WeHo Celebrates Opening of Fairfax Bike Lanes on Thursday

bike laneWest Hollywood will celebrate the completion of new bicycle lanes on Fairfax Avenue with a ribbon-cutting ceremony and inaugural bike ride on Thursday.

It will begin at 11 a.m. at Hollywood Electrics, 901 Fairfax Ave. near Willoughby. The ceremony will mark the opening of a continuous link between Hollywood Boulevard and Melrose Avenue for cyclists traveling in both directions along Fairfax Avenue. After the ceremony, at 11:30 a.m., the West Hollywood Bicycle Coalition will lead a “loop ride” on the new lanes.

The event will also provide an opportunity for a preview demonstration of the city’s upcoming bike share program, WeHo Pedals, which is scheduled to launch this Summer. The program and the demonstration will be operated by CycleHop,LLC. Users will be able to find bike share bicycles near transit stops, businesses and other major destinations within the City of West Hollywood. The system will also be linked to the Westside Regional Bike Share program, which includes the cities of Santa Monica and Beverly Hills, and will provide combined access to more than 1,000 bikes.

Additional information about the Fairfax Avenue bicycle lanes can be found online. More information about bicycling in West Hollywood also is available online.


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Manny
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Manny

Randy, I was with you until you stated that “pedestrians see a few inconsiderate cyclists”……I would disagree that there are only a “few”. Also, your example of urban Japan, were there is absolute bicycle chaos and it is common for cyclists to use sidewalks not roads, is not something we should emulate. I’m gad you didn’t use Amsterdam (as many do) as another good example of urban bicycling. I’ve been to Amsterdam and it’s AWFUL there. It’s a nightmare as a pedestrian to negotiate between the surface trolleys, the cars and the bicyclists simultaneously smoking cigarettes and talking on the… Read more »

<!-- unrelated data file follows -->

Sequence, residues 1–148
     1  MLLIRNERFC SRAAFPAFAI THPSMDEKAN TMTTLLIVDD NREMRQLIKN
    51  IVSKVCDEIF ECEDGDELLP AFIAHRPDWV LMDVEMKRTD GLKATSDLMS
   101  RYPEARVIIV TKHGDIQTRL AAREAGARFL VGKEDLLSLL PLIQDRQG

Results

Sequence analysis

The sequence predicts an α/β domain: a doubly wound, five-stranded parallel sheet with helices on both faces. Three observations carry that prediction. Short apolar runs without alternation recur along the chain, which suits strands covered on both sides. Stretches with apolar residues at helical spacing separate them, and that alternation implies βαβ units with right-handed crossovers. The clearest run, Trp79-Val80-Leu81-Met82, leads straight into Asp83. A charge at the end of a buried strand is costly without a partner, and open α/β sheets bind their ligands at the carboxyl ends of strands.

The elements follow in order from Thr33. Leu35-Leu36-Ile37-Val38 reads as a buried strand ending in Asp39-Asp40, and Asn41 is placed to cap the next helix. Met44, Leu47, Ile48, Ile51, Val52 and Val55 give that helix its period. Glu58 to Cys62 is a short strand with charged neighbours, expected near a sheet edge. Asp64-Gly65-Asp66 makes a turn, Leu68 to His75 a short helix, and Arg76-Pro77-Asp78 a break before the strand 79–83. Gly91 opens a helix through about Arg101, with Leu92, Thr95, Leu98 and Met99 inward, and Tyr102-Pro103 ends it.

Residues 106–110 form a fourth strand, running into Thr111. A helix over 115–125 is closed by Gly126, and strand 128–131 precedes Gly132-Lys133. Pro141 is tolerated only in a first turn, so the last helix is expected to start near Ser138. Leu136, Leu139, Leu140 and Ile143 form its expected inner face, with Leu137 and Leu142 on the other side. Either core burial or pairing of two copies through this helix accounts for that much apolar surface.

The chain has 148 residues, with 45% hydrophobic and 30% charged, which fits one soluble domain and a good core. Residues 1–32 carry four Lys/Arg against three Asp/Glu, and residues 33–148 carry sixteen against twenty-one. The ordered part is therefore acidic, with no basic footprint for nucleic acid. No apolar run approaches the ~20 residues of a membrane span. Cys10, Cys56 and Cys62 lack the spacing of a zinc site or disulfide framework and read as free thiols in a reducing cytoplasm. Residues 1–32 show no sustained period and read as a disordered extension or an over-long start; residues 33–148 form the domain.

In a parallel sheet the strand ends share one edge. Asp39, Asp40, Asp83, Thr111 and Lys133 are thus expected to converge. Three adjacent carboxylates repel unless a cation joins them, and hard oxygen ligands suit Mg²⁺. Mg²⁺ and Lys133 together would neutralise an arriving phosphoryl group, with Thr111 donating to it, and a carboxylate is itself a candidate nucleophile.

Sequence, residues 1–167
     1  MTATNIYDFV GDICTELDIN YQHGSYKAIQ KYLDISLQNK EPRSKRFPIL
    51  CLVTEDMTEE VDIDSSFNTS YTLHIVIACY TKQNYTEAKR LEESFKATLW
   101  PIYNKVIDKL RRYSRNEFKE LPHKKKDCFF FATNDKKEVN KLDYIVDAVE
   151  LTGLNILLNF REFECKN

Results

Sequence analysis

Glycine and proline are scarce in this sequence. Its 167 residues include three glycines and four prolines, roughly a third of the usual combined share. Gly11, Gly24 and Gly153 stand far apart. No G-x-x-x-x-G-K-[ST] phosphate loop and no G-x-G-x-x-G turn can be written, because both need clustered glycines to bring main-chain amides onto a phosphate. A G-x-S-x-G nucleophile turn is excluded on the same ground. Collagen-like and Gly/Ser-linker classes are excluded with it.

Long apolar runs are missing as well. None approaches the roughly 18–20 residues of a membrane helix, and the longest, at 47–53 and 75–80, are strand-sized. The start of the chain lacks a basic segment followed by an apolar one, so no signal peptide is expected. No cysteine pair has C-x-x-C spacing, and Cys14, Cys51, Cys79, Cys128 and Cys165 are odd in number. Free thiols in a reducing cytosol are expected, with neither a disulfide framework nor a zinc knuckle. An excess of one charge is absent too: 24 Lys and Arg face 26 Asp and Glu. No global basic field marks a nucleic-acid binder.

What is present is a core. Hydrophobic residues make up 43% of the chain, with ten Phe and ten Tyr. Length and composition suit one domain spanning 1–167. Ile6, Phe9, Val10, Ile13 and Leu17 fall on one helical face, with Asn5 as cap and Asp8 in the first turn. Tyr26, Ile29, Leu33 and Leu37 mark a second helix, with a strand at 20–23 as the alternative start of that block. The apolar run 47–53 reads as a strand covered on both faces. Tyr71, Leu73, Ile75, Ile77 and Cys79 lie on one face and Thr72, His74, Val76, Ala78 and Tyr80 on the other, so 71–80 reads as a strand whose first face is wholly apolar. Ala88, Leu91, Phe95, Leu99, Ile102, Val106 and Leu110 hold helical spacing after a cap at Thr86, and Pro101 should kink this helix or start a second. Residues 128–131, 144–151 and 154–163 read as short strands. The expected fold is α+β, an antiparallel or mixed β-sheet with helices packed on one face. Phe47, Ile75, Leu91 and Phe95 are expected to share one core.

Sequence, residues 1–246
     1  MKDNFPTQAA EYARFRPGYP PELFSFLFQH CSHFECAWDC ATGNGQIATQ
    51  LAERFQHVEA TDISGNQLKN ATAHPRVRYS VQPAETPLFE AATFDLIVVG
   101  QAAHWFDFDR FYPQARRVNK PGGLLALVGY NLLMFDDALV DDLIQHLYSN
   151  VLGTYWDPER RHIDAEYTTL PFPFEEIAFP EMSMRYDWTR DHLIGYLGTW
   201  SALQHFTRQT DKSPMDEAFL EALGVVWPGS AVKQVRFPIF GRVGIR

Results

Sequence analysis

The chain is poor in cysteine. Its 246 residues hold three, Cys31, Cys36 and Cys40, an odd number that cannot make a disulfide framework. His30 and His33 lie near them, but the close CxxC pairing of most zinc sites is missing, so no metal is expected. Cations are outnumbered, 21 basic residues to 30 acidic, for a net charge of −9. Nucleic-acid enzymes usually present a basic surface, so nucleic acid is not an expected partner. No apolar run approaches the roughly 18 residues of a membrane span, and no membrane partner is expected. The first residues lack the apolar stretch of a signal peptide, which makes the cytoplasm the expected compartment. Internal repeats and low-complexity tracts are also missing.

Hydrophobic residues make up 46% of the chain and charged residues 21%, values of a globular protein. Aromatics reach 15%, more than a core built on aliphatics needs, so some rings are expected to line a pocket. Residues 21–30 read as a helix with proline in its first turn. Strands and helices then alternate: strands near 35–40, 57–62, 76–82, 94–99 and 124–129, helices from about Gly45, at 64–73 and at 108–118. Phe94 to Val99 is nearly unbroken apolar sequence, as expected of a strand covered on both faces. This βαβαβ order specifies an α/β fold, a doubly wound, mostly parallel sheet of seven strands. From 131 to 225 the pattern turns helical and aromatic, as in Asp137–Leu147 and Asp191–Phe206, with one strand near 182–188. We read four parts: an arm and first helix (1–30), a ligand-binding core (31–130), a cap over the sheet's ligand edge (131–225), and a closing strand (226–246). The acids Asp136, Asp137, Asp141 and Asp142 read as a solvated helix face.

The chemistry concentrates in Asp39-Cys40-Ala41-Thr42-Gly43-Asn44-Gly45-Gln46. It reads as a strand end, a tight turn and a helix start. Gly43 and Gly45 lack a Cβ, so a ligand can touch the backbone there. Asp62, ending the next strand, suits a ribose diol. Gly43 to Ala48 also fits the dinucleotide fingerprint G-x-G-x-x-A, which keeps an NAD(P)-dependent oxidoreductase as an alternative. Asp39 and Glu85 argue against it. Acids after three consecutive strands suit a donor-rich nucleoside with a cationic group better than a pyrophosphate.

scottzwartz
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Because it is important to obtain our maximum inhalation of auto emissions, we create bike lanes in major thoroughfares where the toxic fumes are the strongest. Fairfax going north is especially good for our children as they have to peddle harder to go uphill, and thus, they have to inhale much more deeply so that they can make certain the particulate matter lodges deeply in their lungs. Removing travel lanes for cars on Fairfax also is a big help during rush hours as then the traffic congestion maximizes the auto emissions so that there is enough toxicity for everyone to… Read more »

Wherearethecriticalthinkers?
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Wherearethecriticalthinkers?

How convenient it has been for folks responsible for transportation, planning, and infrastructure to languish in their comfortable realm of politically enhanced theory without an ounce of logic, practicality or common sense. The objectives of LA and WeHo continue to be bigger, better, faster “adopt the trend of the era”. Outbuild the landscape because it will drive revenue through attracting tourism, advocate biking, dispensing with cars because it looks good in the marketing plans. Choke and ultimately destroy neighborhoods in the pursuit of an urban utopia. Chaos papered over by a glossy walkable, bikable concept. Where are the critical thinkers?… Read more »